News

Labor leaders appeal to members to join June 17 silent march to protest stop-and-frisk

UFT President Michael Mulgrew and his fellow city labor leaders gathered on June 15 to call on New York’s more than 1 million union members to attend a major march against the city’s controversial “stop-and-frisk” policing policy on Sunday, June 17.

Speaking outside the Manhattan Municipal Building just a short walk from One Police Plaza, Mulgrew blasted the biased practice, which he said affects tens of thousands of New York City public school students every year.

“What are we teaching them?” Mulgrew asked. “Are we teaching them to be respectful when they are stopped because of the color of their skin or their gender? We are teaching a very bad lesson to our children.”

Under “stop-and-frisk,” city police officers, under the direction of Mayor Bloomberg, every year stop and question hundreds of thousands of New Yorkers without cause. The mayor and the police commissioner claim that the stops are random and have reduced crime in the city, but critics insist they are discriminatory: Most of those stopped are black or Latino, many of them are young men and 42 percent are minority males between the ages of 14 and 24 — a group that makes up a mere 5 percent of the city’s population.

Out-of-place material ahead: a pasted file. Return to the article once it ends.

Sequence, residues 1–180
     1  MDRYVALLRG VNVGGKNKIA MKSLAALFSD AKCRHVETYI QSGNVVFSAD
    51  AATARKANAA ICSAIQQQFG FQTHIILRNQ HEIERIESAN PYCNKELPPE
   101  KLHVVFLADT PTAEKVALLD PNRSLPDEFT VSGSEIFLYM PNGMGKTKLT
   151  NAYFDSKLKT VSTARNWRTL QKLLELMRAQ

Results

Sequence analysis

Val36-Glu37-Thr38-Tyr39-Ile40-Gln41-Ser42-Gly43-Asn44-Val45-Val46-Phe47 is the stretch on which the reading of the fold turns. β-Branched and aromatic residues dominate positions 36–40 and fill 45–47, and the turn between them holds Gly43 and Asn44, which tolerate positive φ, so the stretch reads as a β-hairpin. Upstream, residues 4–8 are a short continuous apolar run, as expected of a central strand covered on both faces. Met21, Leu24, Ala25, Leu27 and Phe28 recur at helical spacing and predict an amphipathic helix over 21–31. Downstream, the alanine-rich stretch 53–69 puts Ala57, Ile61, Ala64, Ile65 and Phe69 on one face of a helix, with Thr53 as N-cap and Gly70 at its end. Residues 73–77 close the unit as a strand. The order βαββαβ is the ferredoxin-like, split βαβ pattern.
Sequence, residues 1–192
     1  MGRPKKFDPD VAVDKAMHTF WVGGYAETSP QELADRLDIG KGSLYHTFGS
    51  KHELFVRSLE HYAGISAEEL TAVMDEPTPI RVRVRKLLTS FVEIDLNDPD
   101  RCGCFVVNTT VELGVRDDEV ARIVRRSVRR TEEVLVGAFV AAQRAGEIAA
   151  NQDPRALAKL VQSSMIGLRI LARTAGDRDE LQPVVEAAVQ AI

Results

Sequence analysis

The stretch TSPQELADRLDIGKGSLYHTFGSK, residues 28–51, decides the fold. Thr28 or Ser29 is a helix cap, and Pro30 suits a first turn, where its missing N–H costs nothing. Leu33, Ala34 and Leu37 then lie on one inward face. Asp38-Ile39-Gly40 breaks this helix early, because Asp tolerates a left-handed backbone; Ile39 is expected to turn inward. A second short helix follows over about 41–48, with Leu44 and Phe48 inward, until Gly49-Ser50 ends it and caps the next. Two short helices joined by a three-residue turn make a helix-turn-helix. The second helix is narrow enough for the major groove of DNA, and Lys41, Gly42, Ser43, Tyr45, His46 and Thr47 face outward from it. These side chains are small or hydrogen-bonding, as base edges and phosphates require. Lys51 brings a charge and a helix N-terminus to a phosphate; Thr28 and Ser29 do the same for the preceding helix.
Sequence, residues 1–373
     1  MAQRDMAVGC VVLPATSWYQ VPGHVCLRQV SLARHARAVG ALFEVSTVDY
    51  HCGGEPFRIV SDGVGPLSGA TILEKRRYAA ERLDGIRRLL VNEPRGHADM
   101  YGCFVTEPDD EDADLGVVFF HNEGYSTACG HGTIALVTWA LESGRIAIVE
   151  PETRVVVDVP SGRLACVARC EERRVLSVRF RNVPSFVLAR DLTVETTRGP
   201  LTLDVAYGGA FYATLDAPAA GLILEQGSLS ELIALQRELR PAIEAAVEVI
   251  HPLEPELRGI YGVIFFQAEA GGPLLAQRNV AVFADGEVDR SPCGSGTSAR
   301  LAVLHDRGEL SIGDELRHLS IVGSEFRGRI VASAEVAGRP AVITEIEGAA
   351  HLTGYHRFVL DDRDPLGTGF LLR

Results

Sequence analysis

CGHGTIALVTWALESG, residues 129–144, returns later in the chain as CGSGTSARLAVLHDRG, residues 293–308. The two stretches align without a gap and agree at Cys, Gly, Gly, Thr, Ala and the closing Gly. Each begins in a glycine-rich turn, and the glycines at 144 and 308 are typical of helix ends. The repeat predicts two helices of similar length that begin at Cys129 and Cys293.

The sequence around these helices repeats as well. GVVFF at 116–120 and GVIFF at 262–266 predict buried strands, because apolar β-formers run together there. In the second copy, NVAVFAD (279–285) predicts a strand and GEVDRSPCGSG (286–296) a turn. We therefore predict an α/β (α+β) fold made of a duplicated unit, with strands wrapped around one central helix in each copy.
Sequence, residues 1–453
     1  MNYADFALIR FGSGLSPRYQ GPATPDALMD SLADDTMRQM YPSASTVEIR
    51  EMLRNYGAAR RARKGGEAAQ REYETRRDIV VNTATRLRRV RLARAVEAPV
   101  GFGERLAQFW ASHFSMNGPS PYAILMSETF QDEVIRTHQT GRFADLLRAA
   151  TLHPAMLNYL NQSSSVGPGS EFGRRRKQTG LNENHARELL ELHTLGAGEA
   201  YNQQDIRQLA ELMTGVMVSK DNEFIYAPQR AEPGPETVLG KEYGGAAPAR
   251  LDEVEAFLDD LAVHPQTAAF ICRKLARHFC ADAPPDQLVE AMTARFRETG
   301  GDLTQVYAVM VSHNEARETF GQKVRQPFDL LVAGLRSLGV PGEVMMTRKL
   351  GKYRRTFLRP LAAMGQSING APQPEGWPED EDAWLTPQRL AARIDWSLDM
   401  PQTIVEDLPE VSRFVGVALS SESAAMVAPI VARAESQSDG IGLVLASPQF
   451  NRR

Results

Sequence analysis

“We will not be silent until these practices are changed,” Mulgrew said at the press conference, which was convened by New York City Central Labor Council President Vinnie Alvarez. “We stand here as labor to say we are calling for an overhaul of stop-and-frisk.”

The “Silent March against Racial Profiling” will take place at 3 p.m. on June 17, which is Father’s Day. The UFT contingent will be gathering on 110th Street, midway between Fifth and Lenox Avenues, on the park side of the street, at 2 p.m. Look for the UFT banner. Please note: Fifth Avenue will be obstructed, and crossing it will be difficult, so you should plan on reaching the UFT's assembly point from the north or the west side.

Sign up for the march >>

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